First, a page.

By sorting out XML search and reply data streams and measuring them against key performance indicators, valuable insight can be derived to help shape merchandising /offer decisions.
One of the biggest assets that airlines’ today possess is the offer they make. Analysing data flow can shape up the offers they intend to make, and this would in turn differentiate their proposition in the indirect environment. We are equipped to capture the data, offer storage and processing capabilities, plus a web-based interface and rep
orts and charts. All this can be scaled up, too. As a BI and performance monitoring platform, the Trio analytics platform can be deployed as part of an organization’s data centre capabilities or via a preferred merchandising and distribution platform provider.
Ritesh: What does shopping data feature?
Jonathan Boffey: The data that is coming in via request from the indirect channel shares what is being demanded. Stored in XML format, it encapsulates the actual product search, the traveller or party, the date of travel and other attributes. And when an airline responds, it entails details of features, price, availability and ultimately booking confirmation. Now the analytics platform assesses each request-response pairing, applies NDC specific rules to pull out business relevant data as KPIs and stores them in a database. This way the gist of the transactions are captured and the search patterns are analysed. What effectively surfaces is trends by source – where requests are coming from tends to influence the nature of the enquiry such as destination, check-in date, itinerary, leisure/family etc. It becomes easy to generate reports showing for example conversion rates by agent and/or by destination by check-in date or indeed any phase in the plan-book-travel journey. Ultimately the data available for analysis and reporting is dependent upon the data content of the original XML – which fortunately is pretty good.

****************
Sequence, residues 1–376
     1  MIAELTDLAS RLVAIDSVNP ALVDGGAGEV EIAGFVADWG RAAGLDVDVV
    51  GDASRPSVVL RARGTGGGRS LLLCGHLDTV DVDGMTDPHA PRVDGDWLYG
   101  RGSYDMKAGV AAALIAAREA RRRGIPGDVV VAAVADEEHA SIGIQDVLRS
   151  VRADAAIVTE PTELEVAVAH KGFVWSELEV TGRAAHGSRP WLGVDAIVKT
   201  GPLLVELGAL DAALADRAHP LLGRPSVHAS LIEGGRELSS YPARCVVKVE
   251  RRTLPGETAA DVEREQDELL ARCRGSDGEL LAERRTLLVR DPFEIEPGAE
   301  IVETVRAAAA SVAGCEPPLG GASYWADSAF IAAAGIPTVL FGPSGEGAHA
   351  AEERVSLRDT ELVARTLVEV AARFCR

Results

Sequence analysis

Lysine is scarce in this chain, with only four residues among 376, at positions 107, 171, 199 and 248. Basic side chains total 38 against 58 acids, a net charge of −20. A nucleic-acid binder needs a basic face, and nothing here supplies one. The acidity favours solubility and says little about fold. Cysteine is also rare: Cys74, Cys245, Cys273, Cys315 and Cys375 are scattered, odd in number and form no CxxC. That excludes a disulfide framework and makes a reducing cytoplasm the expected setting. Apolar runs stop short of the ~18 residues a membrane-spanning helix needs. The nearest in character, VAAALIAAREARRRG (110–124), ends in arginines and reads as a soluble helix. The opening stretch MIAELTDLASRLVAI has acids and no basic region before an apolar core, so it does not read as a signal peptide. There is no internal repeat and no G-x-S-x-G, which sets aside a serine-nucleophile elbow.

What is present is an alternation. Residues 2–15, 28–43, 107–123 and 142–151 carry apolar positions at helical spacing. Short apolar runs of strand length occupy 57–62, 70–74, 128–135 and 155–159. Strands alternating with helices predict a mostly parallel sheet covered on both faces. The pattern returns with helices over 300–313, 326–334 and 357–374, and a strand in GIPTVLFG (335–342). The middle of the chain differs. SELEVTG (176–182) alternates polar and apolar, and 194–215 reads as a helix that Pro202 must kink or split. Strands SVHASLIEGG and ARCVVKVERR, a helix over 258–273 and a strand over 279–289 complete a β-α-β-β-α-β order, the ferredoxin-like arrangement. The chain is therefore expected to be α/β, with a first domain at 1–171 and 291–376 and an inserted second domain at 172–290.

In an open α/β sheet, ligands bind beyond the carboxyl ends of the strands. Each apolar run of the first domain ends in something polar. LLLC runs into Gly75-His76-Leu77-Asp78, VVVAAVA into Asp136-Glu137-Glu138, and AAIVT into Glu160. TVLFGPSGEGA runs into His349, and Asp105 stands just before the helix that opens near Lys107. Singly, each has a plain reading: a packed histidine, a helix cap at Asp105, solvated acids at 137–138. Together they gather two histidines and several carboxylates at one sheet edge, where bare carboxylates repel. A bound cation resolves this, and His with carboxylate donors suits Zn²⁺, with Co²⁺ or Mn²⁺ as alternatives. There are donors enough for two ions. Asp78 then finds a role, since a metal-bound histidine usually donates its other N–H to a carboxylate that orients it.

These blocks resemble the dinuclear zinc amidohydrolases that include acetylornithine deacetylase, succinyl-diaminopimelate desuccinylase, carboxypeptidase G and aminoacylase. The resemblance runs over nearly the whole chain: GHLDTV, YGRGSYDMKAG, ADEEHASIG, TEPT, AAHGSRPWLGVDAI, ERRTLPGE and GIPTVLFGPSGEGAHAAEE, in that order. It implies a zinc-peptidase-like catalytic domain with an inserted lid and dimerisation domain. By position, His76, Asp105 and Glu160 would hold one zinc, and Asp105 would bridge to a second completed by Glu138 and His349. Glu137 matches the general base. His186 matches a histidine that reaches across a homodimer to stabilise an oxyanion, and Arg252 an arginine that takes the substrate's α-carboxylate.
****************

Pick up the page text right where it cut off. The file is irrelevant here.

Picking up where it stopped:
Ritesh: How can airlines build on their resources with such insights?
Jonathan Boffey: The key to unlocking the potential of today is identifying the quick wins across the business to ensure incremental and impactful changes, as well as keeping an open mind about what is possible in the future. Internal alignment is necessary, and organizations need to be nimble when it comes to leveraging insights derived from XML shopping data.
We believe airline business intelligence is all about breaking down those silos and barriers – and in key areas we believe XML analysis can play a critical part. Most have data practices across areas like revenue management, marketing, network planning and inventory management. However, it is often the case that these applications are not fully integrated into other parts of the business and are often poor at sharing data. For example, when it comes to things such as ancillary sales and customer data, this is often not in the hands of the revenue managers in time to help influence their pricing decisions.
Airlines should be in control of their business on various counts:
- The best performing routes
- Best customer groups and what do they look like/ their preferences
- Most relevant ancillary cross-sell or up-sell by customer group/ route
- What’s the booking curve?
- Identify customer groups and/or products fuelling growth, and ones on decline
Other than understanding what’s being requested and evaluating which customers are most valuable, airlines can plan several initiatives such as market specific promotion, and when to start or stop promotions; continuously refine flight schedules etc.